Three days later, Larsen said her father got a call from Triton Investments.
“And told him that I was not welcome at Oakridge, that I had to leave and that they would never rent to me again,” Larsen recalled.
Tim Larsen said Triton referenced this part of the rental agreement: “Resident agrees that the conduct of Resident, his guests or other occupants shall not be disorderly, boisterous or unlawful and shall not disturb the rights, comfort or convenience of other persons.”
“That’s the part they said she had violated – that she had violated the comfort and the convenience of her roommates,” he said. “They explained to me that it was all due to the discomforts that Livy’s actions caused for her roommates.”
The Larsens did not receive a formal letter of eviction, but Tim Larsen believes the message was the same.
“I don’t see a difference from my perspective. She was not allowed to be at the apartment, so if that’s not eviction, and they use some other term for it – to me, it’s the same result,” he said. “I can’t describe it in any other way than she was asked to leave.”
Olivia Larsen said the news only exacerbated her anxiety. She said she was dizzy and felt like she couldn’t breathe. “It felt like this giant wave just knocked me down,” she said. “You feel isolated and alone and this just made me feel like I had no one.”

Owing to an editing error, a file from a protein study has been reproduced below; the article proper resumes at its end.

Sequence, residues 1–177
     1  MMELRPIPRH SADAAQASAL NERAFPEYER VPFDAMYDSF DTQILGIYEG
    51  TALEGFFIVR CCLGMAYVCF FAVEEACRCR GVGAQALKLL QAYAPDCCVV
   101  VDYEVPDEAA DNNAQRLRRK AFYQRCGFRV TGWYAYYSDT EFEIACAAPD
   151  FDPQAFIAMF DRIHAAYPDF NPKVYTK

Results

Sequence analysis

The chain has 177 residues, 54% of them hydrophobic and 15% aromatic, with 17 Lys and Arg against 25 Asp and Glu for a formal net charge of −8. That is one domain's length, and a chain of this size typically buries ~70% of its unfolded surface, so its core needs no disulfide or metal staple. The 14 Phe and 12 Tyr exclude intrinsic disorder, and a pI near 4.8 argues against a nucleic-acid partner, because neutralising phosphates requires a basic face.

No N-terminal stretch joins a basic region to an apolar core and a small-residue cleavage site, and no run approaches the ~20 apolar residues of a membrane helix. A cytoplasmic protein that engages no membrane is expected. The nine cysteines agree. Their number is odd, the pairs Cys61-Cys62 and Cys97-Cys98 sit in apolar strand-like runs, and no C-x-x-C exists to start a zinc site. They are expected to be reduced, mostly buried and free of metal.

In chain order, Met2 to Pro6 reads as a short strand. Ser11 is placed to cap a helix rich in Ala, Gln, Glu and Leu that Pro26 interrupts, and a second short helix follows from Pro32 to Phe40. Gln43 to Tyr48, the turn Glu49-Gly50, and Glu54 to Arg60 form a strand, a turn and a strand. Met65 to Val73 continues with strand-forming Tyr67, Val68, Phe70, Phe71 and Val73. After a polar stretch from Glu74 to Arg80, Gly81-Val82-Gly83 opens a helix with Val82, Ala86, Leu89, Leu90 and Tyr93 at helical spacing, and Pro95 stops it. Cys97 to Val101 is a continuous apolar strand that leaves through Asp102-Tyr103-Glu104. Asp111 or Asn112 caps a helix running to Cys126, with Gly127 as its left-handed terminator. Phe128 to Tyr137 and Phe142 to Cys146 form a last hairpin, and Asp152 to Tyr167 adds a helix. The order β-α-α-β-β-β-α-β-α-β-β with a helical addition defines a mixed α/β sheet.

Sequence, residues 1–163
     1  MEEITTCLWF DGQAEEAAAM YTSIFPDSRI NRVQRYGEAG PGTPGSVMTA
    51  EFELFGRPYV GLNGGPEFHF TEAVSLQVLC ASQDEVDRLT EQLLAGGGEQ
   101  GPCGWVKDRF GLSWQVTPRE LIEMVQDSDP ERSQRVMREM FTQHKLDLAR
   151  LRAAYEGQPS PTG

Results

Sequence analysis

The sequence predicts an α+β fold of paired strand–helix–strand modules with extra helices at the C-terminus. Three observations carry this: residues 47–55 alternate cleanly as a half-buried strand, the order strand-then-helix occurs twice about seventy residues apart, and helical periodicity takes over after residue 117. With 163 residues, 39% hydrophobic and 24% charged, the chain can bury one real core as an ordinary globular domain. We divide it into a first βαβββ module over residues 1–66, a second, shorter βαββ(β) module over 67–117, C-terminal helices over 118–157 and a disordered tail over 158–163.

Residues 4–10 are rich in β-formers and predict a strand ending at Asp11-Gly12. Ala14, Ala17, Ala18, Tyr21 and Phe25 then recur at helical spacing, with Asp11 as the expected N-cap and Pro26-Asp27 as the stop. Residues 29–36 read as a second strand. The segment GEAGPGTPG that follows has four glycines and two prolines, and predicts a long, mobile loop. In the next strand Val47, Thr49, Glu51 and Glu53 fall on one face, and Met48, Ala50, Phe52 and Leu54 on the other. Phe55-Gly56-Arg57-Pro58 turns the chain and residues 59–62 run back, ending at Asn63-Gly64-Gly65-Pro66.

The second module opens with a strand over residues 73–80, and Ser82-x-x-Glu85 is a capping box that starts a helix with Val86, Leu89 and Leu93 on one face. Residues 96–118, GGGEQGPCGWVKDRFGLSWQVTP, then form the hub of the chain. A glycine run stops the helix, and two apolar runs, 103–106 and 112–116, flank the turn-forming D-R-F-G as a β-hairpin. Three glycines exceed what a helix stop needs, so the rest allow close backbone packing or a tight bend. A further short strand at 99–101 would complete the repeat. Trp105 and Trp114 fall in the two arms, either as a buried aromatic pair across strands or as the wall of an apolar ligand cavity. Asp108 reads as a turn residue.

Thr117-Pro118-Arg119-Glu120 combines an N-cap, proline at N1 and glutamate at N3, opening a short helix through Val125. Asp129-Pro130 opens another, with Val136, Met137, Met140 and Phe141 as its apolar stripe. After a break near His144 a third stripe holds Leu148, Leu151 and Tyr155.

Larsen’s story was shocking to Taryn Hiatt, Utah area director for the American Foundation for Suicide Prevention.
“I just cried. I just thought, how heartbreaking to be in that space, to be vulnerable enough to open up and share where you’re at, and then have that be the reaction. So, I’m mad,” she said. “(I) had never thought this could even be something that a person would be evicted for.”
Hiatt said this is the opposite of what her organization strives to accomplish.
“We have for years been begging people, right? If you’re struggling, tell someone, if you’re in crisis, reach out,” she said.
Tim Larsen and Hiatt believe Olivia Larsen would have been treated differently if she had been dealing with a physical medical issue.
“If my daughter had had appendicitis, or diabetes or a broken leg and she had asked for help from a roommate, we likely would not be having this conversation,” Tim Larsen said.